Adding new agents to the team can require the purchase of additional hardware and input from other teams (e.g. your IT team) to be able to add new agents, make changes to the queue messaging etc.

And because with an on-premise solution the telephone handset is physically connected to the computer (typically via Cat5 cables) it makes home/remote work difficult.

A great advantage of a cloud call centre solution is that it is super easy to customize, manage, and scale.

The addition of users or removal of users would be similar to the management of a Netflix account – easy!

There would be no need for extra hardware, and the monthly billing would increase/decrease to reflect the changes made.

With cloud-based call centre software solutions it’s also easy to add on advanced call centre features such as call recording, call analytics, skilled-based routing etc without the need for any additional hardware.

It’s quite often as simple as just ticking a box on an order form and paying some additional costs each month per user.

4.   Reliability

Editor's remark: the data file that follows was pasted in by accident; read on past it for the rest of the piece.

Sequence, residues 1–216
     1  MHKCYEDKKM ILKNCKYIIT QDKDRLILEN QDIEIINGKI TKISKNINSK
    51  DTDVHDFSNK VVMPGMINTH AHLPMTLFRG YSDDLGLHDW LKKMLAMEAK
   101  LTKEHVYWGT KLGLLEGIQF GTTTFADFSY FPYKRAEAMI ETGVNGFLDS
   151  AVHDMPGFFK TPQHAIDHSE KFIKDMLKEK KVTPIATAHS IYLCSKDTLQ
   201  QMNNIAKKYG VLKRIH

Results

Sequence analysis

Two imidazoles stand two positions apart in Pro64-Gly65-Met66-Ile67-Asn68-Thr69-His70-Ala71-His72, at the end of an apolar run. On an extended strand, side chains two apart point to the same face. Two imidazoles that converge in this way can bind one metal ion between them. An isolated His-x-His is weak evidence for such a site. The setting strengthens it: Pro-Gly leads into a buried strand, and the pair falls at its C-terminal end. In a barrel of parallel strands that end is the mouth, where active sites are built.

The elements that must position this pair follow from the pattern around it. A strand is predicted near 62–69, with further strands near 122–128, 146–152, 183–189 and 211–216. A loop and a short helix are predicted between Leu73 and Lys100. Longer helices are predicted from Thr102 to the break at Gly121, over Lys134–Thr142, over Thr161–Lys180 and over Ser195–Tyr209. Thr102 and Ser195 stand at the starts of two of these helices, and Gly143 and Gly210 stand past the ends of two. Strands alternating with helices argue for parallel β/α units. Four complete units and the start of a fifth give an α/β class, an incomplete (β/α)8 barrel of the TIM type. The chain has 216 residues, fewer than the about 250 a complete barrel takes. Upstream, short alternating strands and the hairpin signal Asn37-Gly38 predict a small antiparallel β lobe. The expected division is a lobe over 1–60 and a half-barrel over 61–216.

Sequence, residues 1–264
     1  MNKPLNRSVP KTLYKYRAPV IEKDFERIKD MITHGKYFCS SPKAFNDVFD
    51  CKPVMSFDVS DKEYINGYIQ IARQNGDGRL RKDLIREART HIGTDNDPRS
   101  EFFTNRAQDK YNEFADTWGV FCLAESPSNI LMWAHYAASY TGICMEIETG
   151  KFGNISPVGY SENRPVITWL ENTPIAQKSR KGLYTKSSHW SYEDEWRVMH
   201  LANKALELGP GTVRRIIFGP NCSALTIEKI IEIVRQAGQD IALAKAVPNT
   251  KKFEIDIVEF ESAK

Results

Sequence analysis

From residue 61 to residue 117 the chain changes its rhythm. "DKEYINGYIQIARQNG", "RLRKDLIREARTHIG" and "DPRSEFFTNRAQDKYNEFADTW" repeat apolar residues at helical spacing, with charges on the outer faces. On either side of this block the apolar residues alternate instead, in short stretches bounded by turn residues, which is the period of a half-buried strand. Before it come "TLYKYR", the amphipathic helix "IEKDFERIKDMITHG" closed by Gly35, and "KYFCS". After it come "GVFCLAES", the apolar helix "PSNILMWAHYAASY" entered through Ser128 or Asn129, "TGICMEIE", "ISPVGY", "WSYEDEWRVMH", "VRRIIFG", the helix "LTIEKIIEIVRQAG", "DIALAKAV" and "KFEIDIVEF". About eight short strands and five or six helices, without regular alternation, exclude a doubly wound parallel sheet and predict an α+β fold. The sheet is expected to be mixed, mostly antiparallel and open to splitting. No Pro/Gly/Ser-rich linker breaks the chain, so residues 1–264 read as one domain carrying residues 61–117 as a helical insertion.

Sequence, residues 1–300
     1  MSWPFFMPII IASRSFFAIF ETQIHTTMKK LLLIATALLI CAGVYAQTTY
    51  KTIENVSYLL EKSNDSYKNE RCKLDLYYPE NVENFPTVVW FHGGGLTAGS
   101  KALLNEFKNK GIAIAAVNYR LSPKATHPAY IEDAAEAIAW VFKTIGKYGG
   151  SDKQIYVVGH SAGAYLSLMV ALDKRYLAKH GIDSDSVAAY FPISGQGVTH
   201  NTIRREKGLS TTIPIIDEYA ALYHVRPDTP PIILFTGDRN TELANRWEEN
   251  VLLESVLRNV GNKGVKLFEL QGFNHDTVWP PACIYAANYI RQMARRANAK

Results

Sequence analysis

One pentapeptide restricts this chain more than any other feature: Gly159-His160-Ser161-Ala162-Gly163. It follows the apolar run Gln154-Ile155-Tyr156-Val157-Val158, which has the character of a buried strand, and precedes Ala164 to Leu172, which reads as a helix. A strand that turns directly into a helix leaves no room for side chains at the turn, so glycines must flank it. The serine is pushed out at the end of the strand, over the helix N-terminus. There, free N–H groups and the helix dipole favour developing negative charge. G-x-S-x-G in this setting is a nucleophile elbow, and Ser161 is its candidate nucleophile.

Finally, you also need to consider reliability.

Most businesses believe that on-premise call centres can help them avoid poor quality calls or latency.

And that’s true albeit it’s nothing that a strong internet connection cannot fix.

A reliance on hardware can also prove to be a weakness.

Let’s face it, when there are lots of servers, handsets and so on involved it’s not uncommon for something to go wrong.

The truth is there is a risk to both models and it’s about deciding what risk there is to your business if the call centre was offline.

Having a robust Business Continuity Plan (BCP) will ensure that if something does go wrong, you’ll be prepared no matter what.

One final point though on reliability, with a cloud-based call centre solution maintaining version numbers is typically managed by your software company ensuring you stay up to date with the latest technology and features.

Often with on-premise call centre systems the updates are far less frequent due to the maintenance and licencing costs.

Takeaway – Choose the Best Call Centre Software and Make the Call

Now that you know everything about on-site and cloud-based call centre software, we trust you’re in a better position to make the best choice.

As you’ve probably identified, we’d recommend a cloud-based call centre software solution for small to medium call centres.

There a now hundreds of large call centres using cloud solutions as well (many with thousands of seats) with the decision on which was is better a lot harder to decide.

If you need some help finding the right vendors, the links below will be helpful: